Inan organisation founded by animal-rights and pro-temperance activists was established to help this social cause. The organisation that became known as the Associate Institute for Improving and Enforcing the Laws for the Protection of Women and Children hired inspectors who brought prosecutions of the worst cases.
It focused its efforts on work-class women, since Victorian practise was to deny that middle-class or aristocratic families were in need of such intervention.
There were sometimes cracks in the facade of propriety. Walter, MP for Berkshirestated in the House of Commons that if members "looked to the revelations in the Divorce Court they might well fear that if the secrets of all households were known, these brutal assaults upon women were by no means confined to the lower classes".
The situation that fathers always received custody of their children, leaving the mother without any rights, slowly started to change.
The Custody of Infants Act in gave mothers of unblemished character access to their children in the event of separation or divorce, and the Matrimonial Causes Act in gave women limited access to divorce.
But while the husband only had to prove his wife's adulterya woman had to prove her husband had not only committed adultery but also incestbigamycruelty or desertion. Inafter an amendment to the Matrimonial Causes Act, women could secure a separation on the grounds of cruelty and claim custody of their children.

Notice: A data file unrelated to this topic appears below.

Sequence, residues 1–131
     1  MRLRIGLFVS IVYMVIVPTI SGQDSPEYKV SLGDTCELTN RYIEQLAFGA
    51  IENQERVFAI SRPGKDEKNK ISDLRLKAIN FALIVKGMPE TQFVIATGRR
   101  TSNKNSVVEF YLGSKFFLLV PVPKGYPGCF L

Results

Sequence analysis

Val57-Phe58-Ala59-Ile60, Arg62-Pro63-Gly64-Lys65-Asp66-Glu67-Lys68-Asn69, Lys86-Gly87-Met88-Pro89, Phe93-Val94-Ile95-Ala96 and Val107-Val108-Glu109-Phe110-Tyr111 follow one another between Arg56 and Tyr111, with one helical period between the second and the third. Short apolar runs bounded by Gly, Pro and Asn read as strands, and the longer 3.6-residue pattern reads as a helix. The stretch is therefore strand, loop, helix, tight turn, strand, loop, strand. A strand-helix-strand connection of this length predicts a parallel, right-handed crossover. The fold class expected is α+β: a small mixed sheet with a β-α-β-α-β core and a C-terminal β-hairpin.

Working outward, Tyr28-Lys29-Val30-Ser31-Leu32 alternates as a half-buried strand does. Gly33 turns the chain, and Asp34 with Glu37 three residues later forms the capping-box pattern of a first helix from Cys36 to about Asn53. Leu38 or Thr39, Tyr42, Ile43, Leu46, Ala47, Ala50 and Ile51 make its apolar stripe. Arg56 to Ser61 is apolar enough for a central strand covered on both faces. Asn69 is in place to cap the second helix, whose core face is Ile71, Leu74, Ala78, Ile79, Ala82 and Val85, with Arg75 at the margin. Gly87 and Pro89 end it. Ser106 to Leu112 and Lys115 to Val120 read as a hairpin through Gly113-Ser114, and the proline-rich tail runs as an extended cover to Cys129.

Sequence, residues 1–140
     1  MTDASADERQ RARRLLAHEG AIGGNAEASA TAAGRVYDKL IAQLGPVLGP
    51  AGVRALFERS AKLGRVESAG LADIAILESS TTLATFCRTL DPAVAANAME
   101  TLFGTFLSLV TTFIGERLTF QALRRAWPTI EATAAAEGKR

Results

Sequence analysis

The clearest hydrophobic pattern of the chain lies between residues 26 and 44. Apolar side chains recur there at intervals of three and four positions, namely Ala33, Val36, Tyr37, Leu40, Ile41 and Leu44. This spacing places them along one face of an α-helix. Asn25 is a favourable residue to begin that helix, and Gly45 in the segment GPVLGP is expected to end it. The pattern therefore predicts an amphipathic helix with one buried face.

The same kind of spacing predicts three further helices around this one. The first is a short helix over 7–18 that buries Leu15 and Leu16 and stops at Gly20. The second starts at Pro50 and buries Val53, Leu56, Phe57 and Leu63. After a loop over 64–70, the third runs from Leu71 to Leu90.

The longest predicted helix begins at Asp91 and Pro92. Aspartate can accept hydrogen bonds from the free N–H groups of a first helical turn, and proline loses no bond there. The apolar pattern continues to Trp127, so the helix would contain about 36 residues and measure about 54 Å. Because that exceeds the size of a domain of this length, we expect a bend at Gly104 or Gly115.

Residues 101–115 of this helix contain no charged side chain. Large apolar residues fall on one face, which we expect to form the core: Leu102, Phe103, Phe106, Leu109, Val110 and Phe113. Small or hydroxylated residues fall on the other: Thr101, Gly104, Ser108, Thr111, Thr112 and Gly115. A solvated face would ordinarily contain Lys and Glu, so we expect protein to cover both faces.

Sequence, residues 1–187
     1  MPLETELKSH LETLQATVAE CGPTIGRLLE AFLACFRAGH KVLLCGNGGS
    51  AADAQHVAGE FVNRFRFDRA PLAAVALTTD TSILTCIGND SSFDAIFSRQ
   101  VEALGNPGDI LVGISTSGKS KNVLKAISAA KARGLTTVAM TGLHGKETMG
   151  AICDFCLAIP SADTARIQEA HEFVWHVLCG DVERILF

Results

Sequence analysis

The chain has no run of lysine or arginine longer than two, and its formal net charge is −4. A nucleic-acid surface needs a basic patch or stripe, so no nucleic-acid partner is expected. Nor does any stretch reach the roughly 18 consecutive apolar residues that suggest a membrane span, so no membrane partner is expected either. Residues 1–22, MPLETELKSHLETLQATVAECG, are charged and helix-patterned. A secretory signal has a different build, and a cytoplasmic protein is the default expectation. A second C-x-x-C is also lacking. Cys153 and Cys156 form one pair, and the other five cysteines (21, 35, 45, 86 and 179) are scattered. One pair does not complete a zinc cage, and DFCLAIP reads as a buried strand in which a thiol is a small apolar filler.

Magistrates even authorised protection orders to wives whose husbands have been convicted of aggravated assault. An important change was caused by an amendment to the Married Women's Property Act This legislation recognised that wives were not chattel, or property belonging to the husband, but an independent and separate person.The majority of modern society has accepted that women should be treated equally and laws are now much more in women’s favour.
Statistically, the family status of women in the UK in (% of all women aged 16 and over), 23% of women are single, 54% are married, 4% are cohabiting, 8% are divorced and 12% are widowed. I do think it is important to go into why Reactionaries think Cthulhu always swims left, because without that they’re vulnerable to the charge that they have no a priori reason to expect our society to have the biases it does, and then the whole meta-suspicion of the modern Inquisition doesn’t work or at least doesn’t work in that particular direction.
The poor were expected to work hard but most lived in poverty. The business owning class believed in economy and hard work but it was also a time of child labour and increasing squalor. a la mode (aka topped with ice cream) Food historians confirm the European practice of topping baked goods (most notably pie and cake) with rich cream (sauce, whipped) dates to Renaissance times.
Some sustenance was needed to bridge the gap between breakfast and dinner and so the habit of taking tea in the afternoon was born, often served around 5pm. MORE HOSPITAL AND AGED CARE BEDS FOR MELBOURNE’S EAST. Families in Melbourne’s outer-east will be able to access better hospital and aged care services close to home with a re-elected Andrews Labor Government to deliver a massive expansion of the Angliss Hospital at Ferntree Gully.